Ask a veteran building manager about his scariest horror story and he may recount a freezing winter night when the heating system went kaput, leaving a 400-unit building ice cold, or the time the sprinklers decided to kick on for no reason and drench freshly remodeled hallways. Some maintenance problems are like lightning, seeming to strike at random. The truth is that city dwellers rely heavily upon various building systems for their physical comfort, and sometimes those systems fail. When they do, residents can be left hot (or cold) and angry, or wet and upset — often as much by the cost of repairs as the event itself.
Even highly dedicated associations sometimes experience maintenance nightmares—unforeseen maintenance problems that derail the everyday life of residents of the community. When these disasters happen, it's the responsibility of the management, board and staff to get things under control and back on track as quickly as possible.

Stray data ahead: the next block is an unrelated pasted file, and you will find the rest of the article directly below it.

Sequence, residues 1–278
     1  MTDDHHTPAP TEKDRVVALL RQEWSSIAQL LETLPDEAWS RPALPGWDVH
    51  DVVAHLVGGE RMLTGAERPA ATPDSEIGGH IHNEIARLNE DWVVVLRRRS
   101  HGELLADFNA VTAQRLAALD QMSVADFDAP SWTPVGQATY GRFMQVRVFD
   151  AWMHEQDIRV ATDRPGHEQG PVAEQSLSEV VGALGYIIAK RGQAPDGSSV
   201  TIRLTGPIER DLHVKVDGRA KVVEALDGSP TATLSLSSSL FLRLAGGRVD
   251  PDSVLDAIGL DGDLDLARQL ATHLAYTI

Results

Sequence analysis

Maintenance disasters aren't always unavoidable, though. With preparation, at least some of these problems can be avoided. Much of the planning for a maintenance emergency depends upon a property manager or board member knowing of potential problems. Knowing about the possibility of such problems often is a matter of knowing what areas of the property to be aware of, and also knowing what signs to look for.
Problems Could Be Out of Sight
The latent problem areas of a residential property may be hidden from view and nearly impossible to detect, as they were in the case of a maintenance problem that Tim Balitsos encountered. Balitsos, a property manager for Jersey City-based MEM Property Management, had a water problem with the downspouts and connecting underground pipes at several of his company's properties along the same street. All of the buildings were having problems with water around their foundations, when it was discovered that there were fractures in the underground pipes connected to the downspouts. The breaks in the pipes resulted in the rainwater being deposited underground, close to the building's foundation, rather than into the sewer system.
The drainage problem quickly put the buildings on increasingly soggy ground, leading to water in the basements and other problems. Balitsos says the quandary might have been avoided, even though outside circumstances were partly to blame for it.